Petition for revocation of a trademark based on non-use

What is a non-use claim?

The Israeli Trademark Ordinance allows any third party to file a petition for revocation of a trademark due to non-use of the mark for three consecutive years.

What is necessary to counter a non-use claim?

In general, to counter a non-use claim and prove use of the mark, the owner of a trademark or his licensee are required to offer for sale in Israel goods or services that carry the trademark registration. Use of the trademark registration should maintain its distinctive character and include the goods and services for which it is registered. Advertisements with a trademark registration do not suffice to prove use of a trademark.

The exception to this rule is special circumstances in commerce for non-us of a trademark registration. For example, if the owner of a trademark registration had a genuine intention to use it but was unable to due to objective difficulties, such as customs regulations. Another example is when a trademark is not in use but is still well known. In this case its revocation may allow the registration of similar trademarks and cause consumer confusion.

Who carries the burden of proof?

The registration of the mark creates a legal assumption that it is in use. Therefore, the burden of proof is on the party who files a petition for revocation based on non-use. If the party who files the petition can show initial proof of non-use, then the burden of proof may shift to the owner of the trademark.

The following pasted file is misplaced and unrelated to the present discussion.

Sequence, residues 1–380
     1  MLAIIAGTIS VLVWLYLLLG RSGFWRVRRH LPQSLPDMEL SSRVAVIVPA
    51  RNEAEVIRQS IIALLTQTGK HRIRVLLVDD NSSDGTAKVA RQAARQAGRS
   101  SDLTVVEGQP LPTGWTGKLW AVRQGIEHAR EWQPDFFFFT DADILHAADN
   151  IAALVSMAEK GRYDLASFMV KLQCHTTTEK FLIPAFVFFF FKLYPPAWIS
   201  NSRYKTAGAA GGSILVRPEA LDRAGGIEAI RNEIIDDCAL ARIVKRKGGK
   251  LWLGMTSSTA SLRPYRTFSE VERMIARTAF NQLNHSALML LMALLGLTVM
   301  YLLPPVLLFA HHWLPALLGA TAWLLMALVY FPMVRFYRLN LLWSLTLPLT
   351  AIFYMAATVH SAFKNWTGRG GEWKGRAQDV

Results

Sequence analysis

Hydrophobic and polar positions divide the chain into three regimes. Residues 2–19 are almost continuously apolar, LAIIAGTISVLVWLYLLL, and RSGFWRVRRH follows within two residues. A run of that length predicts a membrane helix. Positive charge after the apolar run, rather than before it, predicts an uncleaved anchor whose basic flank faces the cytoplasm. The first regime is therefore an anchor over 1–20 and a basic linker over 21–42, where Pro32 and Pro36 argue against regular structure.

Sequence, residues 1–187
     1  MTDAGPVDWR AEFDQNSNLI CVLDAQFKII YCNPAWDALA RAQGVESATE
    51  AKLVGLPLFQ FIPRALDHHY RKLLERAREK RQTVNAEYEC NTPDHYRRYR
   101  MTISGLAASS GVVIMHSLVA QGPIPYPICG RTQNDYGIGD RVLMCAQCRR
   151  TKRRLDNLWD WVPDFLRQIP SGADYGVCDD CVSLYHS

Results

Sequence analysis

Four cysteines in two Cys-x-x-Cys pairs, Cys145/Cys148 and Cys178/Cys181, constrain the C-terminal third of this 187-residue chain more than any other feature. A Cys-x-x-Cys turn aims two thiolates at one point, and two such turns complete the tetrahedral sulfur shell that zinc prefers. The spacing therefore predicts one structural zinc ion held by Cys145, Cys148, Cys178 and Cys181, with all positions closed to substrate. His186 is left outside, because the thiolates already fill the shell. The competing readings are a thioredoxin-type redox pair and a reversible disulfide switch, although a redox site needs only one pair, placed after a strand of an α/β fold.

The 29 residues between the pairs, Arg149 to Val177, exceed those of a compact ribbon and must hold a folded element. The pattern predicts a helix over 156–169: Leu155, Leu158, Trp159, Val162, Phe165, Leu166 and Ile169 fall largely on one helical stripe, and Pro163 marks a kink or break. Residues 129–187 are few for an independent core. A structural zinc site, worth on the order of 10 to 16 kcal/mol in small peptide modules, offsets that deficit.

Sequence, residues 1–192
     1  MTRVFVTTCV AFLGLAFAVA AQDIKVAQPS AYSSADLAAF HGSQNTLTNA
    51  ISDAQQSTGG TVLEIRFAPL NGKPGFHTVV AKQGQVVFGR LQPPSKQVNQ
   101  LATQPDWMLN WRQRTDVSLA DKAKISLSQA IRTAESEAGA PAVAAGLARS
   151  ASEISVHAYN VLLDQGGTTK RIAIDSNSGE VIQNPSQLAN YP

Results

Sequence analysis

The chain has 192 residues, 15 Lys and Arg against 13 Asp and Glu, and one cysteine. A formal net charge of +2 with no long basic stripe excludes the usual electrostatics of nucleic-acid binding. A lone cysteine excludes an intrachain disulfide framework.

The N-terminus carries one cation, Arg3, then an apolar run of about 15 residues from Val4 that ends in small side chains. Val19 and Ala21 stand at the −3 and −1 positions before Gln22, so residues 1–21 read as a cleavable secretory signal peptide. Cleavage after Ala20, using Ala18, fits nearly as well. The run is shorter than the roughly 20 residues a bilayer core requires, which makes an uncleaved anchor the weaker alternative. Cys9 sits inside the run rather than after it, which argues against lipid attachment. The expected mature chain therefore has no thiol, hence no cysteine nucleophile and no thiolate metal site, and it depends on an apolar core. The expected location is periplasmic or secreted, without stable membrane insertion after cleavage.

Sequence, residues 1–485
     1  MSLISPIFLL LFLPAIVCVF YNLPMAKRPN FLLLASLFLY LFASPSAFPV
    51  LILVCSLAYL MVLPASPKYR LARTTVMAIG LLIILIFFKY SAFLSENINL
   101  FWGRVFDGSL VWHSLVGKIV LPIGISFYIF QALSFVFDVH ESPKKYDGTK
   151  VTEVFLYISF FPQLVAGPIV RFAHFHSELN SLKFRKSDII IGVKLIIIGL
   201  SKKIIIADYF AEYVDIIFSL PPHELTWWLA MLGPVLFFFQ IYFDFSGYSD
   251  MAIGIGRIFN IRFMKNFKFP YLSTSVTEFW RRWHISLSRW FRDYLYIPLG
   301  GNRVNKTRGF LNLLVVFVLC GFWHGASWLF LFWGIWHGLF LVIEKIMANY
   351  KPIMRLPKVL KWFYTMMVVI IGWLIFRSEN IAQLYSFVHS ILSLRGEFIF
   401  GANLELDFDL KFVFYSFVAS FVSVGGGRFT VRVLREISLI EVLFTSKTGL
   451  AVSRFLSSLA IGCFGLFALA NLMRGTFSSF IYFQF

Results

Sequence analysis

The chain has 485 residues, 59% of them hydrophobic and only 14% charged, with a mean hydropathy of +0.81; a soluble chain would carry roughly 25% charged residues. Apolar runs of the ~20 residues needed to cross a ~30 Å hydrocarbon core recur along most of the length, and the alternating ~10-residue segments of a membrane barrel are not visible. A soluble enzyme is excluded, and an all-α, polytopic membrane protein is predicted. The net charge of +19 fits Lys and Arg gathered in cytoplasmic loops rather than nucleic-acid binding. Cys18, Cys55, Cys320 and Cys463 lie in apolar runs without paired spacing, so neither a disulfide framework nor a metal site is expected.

What are the rules and time frame of the petition for revocation of a trademark based on non-use?

Arguments: A supplicant third party requesting to revoke a registered mark shall file a petition stating the arguments for the revocation. The owner of the trademark registration has two months to file his response to the arguments.

Evidence: Then, the parties will be required to support their arguments with evidence in the form of declarations, affidavits, materials and expert opinions. The supplicant has to file his evidence within two months after the owner of the trademark filed his response to the petition. Two months later, the owner of the trademark is allowed file a counter set of evidence.

Hearing: after the parties file their evidence, the Israeli Trademark Office will schedule a date for an oral hearing before the Registrar. At the hearing, the Registrar will cross-examine the parties based on their evidence.
Summations: Subsequently, the parties will be required to submit their summations. Then, the Registrar will issue a decision. The parties may appeal on the decision to the district court no later than 30 days after it is issued.


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